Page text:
Recently, musicians and scientists began to pay attention to birds. They noted that the sounds and songs of birds, and especially the songs of Nightingale, are in fact the same way used in the way humans play music.
Tina Röske and colleagues at the Max Planck Institute in Germany began to study this phenomenon using mathematical techniques.
They used the mathematical technique to measure the beating and spacing of the nightingale. This was similar to the music style of Swing.
Musicians have come up with a wide variety of opinions in this study.
Macquarie University, Australia Hollis Taylor is a musician who has studied shaggy. But she said she does not agree with the opinion that the cry of Nightingale is similar to swing music.
As for herrings, she says, "Some birds sing a phrase that sounds like a swinging moment. It feels like jazz music, "she added.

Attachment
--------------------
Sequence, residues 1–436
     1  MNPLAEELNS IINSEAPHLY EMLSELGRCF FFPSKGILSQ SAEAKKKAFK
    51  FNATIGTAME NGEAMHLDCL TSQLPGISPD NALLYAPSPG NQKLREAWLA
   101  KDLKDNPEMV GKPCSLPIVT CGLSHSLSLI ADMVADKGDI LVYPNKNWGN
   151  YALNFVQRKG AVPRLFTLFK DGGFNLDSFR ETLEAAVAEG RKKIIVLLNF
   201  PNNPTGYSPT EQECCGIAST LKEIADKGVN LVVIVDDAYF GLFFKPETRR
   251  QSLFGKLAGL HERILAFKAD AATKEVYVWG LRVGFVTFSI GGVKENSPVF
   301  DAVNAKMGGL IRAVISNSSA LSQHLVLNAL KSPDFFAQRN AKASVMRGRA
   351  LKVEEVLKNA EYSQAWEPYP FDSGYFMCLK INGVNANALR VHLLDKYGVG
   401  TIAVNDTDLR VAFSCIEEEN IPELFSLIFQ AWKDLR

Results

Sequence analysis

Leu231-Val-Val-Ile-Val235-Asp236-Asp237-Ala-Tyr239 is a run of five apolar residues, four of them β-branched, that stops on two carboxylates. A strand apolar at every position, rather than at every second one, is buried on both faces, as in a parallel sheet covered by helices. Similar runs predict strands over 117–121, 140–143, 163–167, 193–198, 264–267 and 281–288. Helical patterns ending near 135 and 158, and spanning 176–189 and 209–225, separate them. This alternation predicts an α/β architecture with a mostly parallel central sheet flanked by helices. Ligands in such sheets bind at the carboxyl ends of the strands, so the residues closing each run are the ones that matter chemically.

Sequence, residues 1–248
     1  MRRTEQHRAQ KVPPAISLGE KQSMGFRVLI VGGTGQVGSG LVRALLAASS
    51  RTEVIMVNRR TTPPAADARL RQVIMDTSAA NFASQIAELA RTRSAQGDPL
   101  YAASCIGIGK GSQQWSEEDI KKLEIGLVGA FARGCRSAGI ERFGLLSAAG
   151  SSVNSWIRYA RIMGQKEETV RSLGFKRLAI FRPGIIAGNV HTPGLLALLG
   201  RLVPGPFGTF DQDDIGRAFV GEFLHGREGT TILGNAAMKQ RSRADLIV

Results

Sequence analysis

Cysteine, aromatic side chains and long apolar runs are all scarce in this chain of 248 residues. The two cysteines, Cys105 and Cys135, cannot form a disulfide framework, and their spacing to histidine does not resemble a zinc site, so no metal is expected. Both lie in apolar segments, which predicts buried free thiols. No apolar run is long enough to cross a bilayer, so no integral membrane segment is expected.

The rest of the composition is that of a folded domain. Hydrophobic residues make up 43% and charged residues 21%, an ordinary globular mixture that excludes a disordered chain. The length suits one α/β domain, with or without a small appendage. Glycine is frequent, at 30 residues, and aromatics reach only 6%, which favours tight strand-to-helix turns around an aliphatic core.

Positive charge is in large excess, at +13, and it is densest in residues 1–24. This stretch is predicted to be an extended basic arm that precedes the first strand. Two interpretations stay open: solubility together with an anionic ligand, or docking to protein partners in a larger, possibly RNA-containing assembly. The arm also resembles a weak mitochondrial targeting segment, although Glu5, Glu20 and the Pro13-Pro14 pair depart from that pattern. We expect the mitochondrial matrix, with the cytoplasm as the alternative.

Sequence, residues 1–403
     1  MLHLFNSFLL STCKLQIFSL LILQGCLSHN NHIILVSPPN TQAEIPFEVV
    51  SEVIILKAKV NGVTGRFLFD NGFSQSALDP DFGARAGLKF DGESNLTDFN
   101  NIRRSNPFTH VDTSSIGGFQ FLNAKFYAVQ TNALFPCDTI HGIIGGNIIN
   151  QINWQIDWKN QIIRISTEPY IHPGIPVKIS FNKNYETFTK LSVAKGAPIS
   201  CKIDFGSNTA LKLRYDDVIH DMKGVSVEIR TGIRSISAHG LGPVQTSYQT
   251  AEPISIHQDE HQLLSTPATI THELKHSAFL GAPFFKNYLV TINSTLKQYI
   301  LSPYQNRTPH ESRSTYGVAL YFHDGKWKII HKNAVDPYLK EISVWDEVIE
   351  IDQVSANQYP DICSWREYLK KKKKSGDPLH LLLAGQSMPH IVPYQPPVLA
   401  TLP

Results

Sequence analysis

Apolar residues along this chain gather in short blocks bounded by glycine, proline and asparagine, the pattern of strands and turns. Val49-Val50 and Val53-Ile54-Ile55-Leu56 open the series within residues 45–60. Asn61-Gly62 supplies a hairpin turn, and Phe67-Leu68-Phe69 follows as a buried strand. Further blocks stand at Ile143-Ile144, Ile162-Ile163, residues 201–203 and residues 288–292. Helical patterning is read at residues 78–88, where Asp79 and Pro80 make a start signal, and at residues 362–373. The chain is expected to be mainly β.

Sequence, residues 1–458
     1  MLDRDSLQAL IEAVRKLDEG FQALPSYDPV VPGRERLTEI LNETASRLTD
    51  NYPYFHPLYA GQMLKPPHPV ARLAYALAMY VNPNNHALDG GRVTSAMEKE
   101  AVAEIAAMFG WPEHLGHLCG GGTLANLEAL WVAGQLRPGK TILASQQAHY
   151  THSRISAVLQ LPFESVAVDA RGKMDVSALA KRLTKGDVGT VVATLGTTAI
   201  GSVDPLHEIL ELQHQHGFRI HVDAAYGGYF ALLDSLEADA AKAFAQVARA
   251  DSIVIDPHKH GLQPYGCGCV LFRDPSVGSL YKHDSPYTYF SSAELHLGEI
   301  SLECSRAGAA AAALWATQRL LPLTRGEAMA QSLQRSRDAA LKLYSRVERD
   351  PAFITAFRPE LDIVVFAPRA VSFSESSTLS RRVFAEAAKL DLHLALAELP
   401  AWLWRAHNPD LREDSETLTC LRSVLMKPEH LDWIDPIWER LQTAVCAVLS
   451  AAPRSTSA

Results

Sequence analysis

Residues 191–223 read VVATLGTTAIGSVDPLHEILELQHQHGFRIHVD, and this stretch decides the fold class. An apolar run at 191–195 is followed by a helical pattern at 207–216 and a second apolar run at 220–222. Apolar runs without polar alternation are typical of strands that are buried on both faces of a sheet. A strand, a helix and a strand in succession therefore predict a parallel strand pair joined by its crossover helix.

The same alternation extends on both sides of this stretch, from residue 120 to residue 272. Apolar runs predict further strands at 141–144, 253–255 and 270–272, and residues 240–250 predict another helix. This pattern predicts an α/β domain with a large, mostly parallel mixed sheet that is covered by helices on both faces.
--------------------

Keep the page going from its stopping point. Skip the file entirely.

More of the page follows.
Other birds have similar abilities. Jazz composer and drummer Stuart Brown said he saw birds singing with rhythms like jazz.
Composer Emily Dolittle also made a point of view. She studied the birds' songs with scientists and concluded that as the birds sang to tempt the reason, there was a certain pattern and the sound consistency was maintained according to the muscle power of the birds.
"Whether or not we consider the sounds of some animals to be 'music', it has been proved that some sounds are sufficiently similar to human music, and we can better understand birds through musical and scientific analysis," Durritt said.